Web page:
The Commercial-News, Danville, IL

July 26, 2013

DACC offers new camp to inspire youngsters

BY CAROL ROEHM
Commercial-News

DANVILLE — A new summer enrichment program for youngsters that emphasizes engineering and entrepreneurialism will be offered for the first time next month at Danville Area Community College.

Camp Invention, which is in partnership with Invent Now, will inspire creativity and inventive thinking through “real world” challenges for first- through sixth-graders. The camp will run from 9 a.m. to 3:30 p.m. Aug. 5-9 in the Mary Miller Complex on the DACC campus.

“This is a brand new activity we’re offering for the first time,” said Kathy Sturgeon, dean of DACC’s Math, Science and Health Professions Division.

“I always wanted to offer a camp that was engineering related,” she said.

After speaking with a representative from Invent Now, Sturgeon said she knew this was the type of camp she wanted to offer.

“The whole idea of the camp is to get kids into the entrepreneurial part of engineering,” she said.    

This year’s camp curriculum is “create.” The camp will be led by DACC instructors Susan Foreman, who is a former NASA engineer, and Wendy Brown, who will teach the biology sections of the camp.  

The activities featured are:

Problem-solving on Planet Zak — After crash landing, use critical thinking skills to create shelter and clothing, find food and ultimately build a spaceship to blast off for home.

“The students will plan what they’re going to wear to survive and rebuild their spaceship,” Sturgeon said.

Saving Sludge City — Help save the pollution-filled Sludge City. Construct eco-friendly buildings and transportation, decontaminate the city’s water and generate green solutions.

“Sludge City has overpopulated itself, and students have to develop strategies to filter water, get rid of trash and rebuild the city at the end,” she said.   

Geo-Games — Design sporting and game equipment, get wet and go wild as global games are fused with dynamic, high-energy activities.

“Students will be redesigning games,” she said. 

I Can Invent: Launchitude — Put physics to use taking apart machines and re-engineering them to create a Duck Chucking Device to destroy competitor duck territory.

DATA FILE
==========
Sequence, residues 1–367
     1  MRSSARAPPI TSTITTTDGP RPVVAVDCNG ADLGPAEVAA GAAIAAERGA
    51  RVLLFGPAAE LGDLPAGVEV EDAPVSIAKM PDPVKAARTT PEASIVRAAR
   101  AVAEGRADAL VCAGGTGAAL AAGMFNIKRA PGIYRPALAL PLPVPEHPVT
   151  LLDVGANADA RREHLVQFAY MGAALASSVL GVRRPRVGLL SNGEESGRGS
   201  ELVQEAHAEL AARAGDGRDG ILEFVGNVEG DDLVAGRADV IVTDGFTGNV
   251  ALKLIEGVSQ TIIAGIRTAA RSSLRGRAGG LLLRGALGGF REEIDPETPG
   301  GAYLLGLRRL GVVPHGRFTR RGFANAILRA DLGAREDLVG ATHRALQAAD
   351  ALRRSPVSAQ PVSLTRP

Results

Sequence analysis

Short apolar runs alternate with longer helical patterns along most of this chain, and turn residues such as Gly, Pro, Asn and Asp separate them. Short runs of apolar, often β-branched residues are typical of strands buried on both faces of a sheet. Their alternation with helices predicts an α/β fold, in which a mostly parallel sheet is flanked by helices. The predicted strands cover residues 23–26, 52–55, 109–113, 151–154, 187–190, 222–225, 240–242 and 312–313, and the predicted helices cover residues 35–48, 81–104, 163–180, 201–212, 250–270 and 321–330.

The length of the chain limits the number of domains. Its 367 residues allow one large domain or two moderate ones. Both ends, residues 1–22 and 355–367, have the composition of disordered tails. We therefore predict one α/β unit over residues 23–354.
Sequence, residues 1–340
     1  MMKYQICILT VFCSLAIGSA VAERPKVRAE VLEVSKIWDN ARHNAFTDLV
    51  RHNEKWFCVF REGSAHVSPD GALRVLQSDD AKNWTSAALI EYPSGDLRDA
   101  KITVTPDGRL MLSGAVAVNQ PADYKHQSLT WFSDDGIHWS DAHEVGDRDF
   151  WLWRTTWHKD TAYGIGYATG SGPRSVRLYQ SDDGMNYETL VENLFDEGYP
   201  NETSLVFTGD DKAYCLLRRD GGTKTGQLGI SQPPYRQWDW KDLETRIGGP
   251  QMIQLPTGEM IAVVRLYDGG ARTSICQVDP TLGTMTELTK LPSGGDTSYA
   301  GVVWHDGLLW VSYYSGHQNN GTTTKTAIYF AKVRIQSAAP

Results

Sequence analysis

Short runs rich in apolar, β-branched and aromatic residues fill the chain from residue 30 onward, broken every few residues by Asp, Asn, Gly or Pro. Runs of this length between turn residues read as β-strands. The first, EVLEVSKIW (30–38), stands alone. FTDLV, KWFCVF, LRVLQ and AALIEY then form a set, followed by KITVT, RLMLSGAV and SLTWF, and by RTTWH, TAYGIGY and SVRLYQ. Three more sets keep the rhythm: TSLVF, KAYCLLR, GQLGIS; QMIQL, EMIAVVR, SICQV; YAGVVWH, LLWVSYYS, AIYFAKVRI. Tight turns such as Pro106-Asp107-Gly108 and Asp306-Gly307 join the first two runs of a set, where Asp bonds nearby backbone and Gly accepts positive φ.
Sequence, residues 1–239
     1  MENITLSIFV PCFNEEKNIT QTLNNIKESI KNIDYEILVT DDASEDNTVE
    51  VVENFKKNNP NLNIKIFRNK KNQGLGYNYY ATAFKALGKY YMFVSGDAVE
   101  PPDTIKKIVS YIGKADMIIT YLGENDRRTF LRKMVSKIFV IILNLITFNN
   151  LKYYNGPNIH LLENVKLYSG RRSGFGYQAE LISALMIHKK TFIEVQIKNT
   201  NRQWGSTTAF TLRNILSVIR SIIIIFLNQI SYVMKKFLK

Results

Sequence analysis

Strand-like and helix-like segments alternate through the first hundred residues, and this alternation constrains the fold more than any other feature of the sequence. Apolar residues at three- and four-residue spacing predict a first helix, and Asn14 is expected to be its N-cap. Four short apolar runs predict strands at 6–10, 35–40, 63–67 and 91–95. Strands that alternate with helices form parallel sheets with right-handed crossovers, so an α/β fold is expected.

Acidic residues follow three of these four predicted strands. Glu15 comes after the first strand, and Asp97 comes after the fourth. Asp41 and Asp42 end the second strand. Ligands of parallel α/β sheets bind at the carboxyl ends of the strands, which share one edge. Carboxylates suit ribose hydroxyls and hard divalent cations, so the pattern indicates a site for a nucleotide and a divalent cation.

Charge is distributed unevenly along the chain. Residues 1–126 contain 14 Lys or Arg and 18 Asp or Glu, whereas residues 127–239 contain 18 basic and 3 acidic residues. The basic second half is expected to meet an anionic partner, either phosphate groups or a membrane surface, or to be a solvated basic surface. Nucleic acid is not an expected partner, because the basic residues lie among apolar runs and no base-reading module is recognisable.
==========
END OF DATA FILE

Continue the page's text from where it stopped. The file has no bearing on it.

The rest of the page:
“The most important aspect of the camp is I Can Invent,” Sturgeon said. “The students will receive a list of appliances and things they can bring in from home. They literally take the object apart and use the parts to build a device for rubber ducks.”  

“Students in today’s society don’t understand how to invent or how something is invented,” she added. “The camp also teaches them the importance of sustainability and repurposing.”    

In addition, the camp includes a leadership component for junior high, high school and college students who are too old to participate in the camp’s activities.

“It has some leadership skills training for high school and college students, and junior high students can participate as assistant camp counselors,” Sturgeon said.

Twenty-two youngsters already have registered to attend the camp, but there is room to accommodate about a half-dozen more children.       

The cost of the weeklong camp is $220, but an additional discount exists for online registration at http://www.campinvention.org.

Invent Now is a nonprofit organization that partners with the United States Patent and Trademark Office and nationwide schools to provide enrichment that instills creative problem solving and teamwork through hands-on application of Science, Technology, Engineering and Math (STEM). In 2012, more than 1,100 schools districts and more than 77,000 elementary students nationwide participated in the Camp Invention programs.

An extensive website featuring the Camp Invention may be found at http://www.campinvention.org.